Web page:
The silence of the Prime Minister on the right-wing fringe’s majoritarian frenzy would have come as a surprise only to unsuspecting sections of people remaining uninitiated in politics, and not to political observers who know that the centre and the periphery of the Sangh Parivar are bound by a world view that is majoritarian, obscurantist, inegalitarian, socially non-inclusive, patriarchic and illiberal.
Corporate India’s unease in doing business of late also stems from what it sees as a policy paralysis inflicted by the bureaucrat-driven and overcentralised administration run essentially by an omnipotent Prime Minister’s Office, and also the welfarist noises from the government.
One year down the line, Modi looks like a leader at the receiving end of impatience born out of unmet expectations. Industry wants the government to move faster on the growth track.
HDFC chairman Deepak Parekh, described as the guiding voice of Indian industry, said:
“I think there is still a lot of optimism among the people of the country and among the industrialists and entrepreneurs that the Modi government will be good for business, for progress, for reducing corruption. They think this government means business on all these fronts…. However, after nine months, there is a little bit of impatience creeping in as to why no changes are happening and why this is taking so long having effect on the ground.”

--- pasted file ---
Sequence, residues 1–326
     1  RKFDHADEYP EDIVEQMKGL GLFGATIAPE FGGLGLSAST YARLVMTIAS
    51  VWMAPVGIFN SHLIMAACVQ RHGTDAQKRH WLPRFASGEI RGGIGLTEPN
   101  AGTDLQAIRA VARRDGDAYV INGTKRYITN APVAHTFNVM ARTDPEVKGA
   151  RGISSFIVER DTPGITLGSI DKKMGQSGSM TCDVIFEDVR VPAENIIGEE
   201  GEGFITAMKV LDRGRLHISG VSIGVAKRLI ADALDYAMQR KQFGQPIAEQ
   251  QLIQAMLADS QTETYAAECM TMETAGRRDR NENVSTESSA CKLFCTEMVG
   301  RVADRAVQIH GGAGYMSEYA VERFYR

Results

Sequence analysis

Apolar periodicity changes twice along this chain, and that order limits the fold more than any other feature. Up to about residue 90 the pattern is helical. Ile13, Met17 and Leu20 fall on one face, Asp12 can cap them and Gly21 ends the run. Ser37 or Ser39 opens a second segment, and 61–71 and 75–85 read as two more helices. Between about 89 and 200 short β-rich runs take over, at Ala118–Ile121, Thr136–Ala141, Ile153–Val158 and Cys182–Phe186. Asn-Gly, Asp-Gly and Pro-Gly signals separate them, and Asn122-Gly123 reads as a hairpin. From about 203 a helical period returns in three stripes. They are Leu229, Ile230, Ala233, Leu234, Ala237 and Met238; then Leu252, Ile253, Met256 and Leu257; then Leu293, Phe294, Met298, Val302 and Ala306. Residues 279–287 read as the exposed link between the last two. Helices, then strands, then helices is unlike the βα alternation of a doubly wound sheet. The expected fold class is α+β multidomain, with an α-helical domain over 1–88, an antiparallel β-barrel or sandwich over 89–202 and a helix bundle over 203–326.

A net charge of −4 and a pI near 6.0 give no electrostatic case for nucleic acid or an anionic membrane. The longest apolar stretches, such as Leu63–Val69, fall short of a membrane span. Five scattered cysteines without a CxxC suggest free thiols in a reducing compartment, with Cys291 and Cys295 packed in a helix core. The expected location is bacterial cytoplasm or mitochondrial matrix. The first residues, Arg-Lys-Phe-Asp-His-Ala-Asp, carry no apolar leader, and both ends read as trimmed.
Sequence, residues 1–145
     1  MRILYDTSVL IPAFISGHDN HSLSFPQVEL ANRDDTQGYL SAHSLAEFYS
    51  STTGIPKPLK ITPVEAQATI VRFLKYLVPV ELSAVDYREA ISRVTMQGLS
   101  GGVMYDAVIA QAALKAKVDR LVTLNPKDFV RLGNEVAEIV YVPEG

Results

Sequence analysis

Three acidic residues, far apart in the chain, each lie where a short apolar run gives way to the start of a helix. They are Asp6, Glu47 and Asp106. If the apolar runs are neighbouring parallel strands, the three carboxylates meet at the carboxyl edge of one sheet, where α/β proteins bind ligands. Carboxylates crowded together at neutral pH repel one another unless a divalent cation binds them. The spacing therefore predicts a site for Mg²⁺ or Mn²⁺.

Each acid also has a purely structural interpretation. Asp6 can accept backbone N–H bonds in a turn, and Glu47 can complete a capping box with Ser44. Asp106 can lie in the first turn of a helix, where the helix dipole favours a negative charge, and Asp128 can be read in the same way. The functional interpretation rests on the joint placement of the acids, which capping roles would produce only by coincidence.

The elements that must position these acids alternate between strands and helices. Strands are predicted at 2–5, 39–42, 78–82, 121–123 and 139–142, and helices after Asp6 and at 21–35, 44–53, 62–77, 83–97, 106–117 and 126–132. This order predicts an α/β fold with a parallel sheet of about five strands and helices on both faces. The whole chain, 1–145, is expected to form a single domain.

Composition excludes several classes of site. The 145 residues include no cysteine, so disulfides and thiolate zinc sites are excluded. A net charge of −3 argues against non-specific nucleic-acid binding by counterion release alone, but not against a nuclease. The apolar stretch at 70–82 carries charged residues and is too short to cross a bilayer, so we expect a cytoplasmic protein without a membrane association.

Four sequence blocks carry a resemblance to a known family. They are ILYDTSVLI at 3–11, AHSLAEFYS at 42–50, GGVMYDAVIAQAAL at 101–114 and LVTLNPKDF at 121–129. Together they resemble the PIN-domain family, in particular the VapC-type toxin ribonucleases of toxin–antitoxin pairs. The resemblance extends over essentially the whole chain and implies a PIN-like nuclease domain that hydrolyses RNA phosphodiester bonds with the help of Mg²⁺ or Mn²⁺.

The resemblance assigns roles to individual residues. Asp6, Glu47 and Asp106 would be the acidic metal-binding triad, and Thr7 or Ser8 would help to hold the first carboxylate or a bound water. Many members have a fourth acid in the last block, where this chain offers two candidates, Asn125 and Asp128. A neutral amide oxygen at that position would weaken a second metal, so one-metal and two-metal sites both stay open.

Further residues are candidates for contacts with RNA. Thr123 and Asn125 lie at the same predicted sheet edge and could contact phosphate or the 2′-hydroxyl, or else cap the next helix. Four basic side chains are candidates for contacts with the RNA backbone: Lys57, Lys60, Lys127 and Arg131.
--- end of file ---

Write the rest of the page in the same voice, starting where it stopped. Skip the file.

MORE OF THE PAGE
One year down the line, industry is impatient. Workers and farmers are increasingly restive and the middle class is increasingly disillusioned. The Sangh Parivar is dissatisfied. Expectations and disenchantment are directly proportional to grandiose promises.
Which constituency’s concerns and aspirations will he, or can he, address?
In this issue’s cover story, Frontline , which has consistently critiqued Modi’s style and substance, tries to answer this question on the basis of the policy trajectory that his government has taken in the areas of politics, the economy, foreign affairs, legislation, institution-building, environment, science and technology, civil society activities and defence.
R. Vijaya Sankar